Larry Nassar, Ex-USA Gymnastics Doctor, Sentenced To 60 Years In Prison


Larry Nassar, Ex-USA Gymnastics Doctor, Sentenced To 60 Years In Prison

Former U.S. Olympians McKayla Maroney, Aly Raisman and Gabby Douglas are three of many woman to accuse Nassar of sexual assault and disgusting his abuse as treatments. "Because the national team training camps did not allow parents to be present, my mom and dad were unable to observe what Nassar was doing". My husband once questioned the propriety of the isolation of the girls during global travel.

Investigators discovered Nassar's child porn collection during their probe into the sex assault charges.

"She was transformed from a bubbly, positive, loving, world-class athlete into a young adult who was deeply depressed, at times suicidal", Erin Maroney wrote.

Nassar's attorneys had asked the federal judge for leniency in court filings, arguing Nassar had helped fellow inmates and taken Bible classes since his arrest almost a year ago, the State Journal said. 'More safe than the President of the United States of America, ' he said to him.

Erin Maroney also detailed one graphic incident.

"I ... learned a few weeks ago from my daughter that at the world championships in Tokyo, [Nassar] drugged her, made her lay nude on a treatment table, straddled her and digitally penetrated her while rubbing his erect penis against her ..." She was only 15 years old.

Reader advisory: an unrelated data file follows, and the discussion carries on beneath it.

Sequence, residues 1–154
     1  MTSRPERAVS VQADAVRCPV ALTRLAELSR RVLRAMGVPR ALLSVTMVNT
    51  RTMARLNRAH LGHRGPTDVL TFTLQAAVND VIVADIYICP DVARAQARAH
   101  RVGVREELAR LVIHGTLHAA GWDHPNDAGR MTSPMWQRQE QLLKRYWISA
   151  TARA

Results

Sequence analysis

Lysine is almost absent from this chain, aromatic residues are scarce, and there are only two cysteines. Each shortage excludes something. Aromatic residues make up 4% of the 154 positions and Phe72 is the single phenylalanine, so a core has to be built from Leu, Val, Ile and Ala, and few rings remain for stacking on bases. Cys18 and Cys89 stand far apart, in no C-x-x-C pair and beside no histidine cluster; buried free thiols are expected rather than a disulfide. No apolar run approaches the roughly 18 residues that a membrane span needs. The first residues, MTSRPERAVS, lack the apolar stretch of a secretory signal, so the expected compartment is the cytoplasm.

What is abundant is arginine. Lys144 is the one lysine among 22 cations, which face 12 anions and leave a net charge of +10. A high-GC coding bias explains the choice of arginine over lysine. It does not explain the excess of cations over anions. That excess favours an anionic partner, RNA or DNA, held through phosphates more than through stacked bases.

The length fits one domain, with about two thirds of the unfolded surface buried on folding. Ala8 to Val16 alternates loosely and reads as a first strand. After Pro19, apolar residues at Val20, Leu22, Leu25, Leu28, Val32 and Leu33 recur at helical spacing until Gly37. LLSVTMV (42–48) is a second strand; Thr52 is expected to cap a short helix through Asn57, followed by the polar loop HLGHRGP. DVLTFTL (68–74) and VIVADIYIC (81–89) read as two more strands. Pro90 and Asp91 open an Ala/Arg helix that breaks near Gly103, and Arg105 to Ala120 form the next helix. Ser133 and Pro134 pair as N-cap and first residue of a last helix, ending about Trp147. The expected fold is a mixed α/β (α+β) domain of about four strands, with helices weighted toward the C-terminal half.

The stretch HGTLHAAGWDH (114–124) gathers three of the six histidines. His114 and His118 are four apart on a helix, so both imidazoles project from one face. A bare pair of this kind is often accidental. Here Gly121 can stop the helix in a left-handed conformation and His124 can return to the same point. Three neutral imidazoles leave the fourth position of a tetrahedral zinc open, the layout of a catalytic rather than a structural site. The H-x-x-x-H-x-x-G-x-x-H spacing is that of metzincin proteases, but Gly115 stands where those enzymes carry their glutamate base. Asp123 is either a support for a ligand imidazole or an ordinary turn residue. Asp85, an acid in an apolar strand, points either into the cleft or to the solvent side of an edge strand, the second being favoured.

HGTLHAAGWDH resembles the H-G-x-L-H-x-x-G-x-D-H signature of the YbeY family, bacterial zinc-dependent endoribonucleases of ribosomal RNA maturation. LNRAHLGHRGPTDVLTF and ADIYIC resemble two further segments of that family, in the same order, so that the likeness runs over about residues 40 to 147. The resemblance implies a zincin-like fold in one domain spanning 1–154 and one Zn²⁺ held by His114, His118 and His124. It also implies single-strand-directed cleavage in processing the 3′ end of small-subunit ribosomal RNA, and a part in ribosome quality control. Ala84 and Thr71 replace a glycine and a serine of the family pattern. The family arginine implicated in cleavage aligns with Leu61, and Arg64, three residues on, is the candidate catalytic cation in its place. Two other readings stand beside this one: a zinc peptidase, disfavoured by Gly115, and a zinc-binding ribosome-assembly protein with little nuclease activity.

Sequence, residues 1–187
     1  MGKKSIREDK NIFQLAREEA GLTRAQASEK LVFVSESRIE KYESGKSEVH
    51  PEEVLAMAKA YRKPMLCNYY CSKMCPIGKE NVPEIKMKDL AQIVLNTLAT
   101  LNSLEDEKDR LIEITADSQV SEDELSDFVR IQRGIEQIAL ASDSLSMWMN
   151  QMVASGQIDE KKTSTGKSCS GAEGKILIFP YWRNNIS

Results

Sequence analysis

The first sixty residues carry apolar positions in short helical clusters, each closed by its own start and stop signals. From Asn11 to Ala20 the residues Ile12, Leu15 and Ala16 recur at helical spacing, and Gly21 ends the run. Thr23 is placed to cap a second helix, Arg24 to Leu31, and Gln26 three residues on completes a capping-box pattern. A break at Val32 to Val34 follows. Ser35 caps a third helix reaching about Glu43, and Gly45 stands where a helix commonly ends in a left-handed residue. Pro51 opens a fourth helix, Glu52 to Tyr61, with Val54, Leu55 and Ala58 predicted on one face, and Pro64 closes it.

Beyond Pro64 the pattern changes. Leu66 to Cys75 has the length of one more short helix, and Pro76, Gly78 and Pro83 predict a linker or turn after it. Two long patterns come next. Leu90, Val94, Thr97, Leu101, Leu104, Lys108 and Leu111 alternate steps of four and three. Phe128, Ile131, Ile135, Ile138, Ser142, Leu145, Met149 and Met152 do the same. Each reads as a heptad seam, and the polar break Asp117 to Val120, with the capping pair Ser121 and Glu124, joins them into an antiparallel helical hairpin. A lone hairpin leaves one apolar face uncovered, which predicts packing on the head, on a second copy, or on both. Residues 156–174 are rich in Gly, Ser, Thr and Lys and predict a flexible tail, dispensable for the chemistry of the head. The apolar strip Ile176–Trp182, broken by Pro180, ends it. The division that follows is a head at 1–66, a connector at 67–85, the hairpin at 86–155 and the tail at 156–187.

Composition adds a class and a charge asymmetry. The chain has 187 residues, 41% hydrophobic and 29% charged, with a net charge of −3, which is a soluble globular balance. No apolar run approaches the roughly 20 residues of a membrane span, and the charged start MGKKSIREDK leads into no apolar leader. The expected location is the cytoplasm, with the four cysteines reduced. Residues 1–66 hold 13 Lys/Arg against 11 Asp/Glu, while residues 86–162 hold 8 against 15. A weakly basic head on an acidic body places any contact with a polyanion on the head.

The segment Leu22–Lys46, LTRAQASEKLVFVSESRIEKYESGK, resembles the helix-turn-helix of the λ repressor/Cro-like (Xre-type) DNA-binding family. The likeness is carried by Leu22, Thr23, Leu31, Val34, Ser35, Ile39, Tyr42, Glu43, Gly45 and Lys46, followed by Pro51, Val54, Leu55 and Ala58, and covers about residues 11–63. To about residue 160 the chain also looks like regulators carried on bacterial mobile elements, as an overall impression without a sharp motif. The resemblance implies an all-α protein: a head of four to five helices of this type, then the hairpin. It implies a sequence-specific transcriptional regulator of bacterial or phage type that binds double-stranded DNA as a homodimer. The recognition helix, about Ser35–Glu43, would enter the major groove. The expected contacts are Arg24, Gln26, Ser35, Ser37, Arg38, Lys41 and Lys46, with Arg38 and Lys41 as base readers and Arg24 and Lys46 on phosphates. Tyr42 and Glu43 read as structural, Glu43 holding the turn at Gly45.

USA Gymnastics, which oversees and trains the national team, is also a defendant in several of the lawsuits women have brought against Nassar.

"I didn't know anything differently", she said. He served as the USA Gymnastics physician through four Olympic Games. Separately, he has pleaded guilty to molesting gymnasts with his hands in the Lansing, Michigan, area under the guise of treatment.

Nassar, who worked with USA Gymnastics for almost three decades as a trainer and medical coordinator, could receive a minimum sentence of 27 years, but prosecutors want a 60-year prison term.

Michigan State has commissioned an internal review of how university employees responded to suspicions about Nassar, but had planned to keep that review confidential, drawing criticism from victims and their attorneys. "He abused my trust, abused my body and left scars on my psyche that may never heal", she wrote.

McKayla Maroney, a member of the 2012 gold medal Olympic team, attended the court hearing after describing Nassar as a “monster” in a letter to U.S. District Judge Janet Neff.

McKayla Maroney's letters to the judge presiding over Dr. Larry Nassar's case, coupled with her mum's, detail years of sexual abuse that changed the woman she's become.



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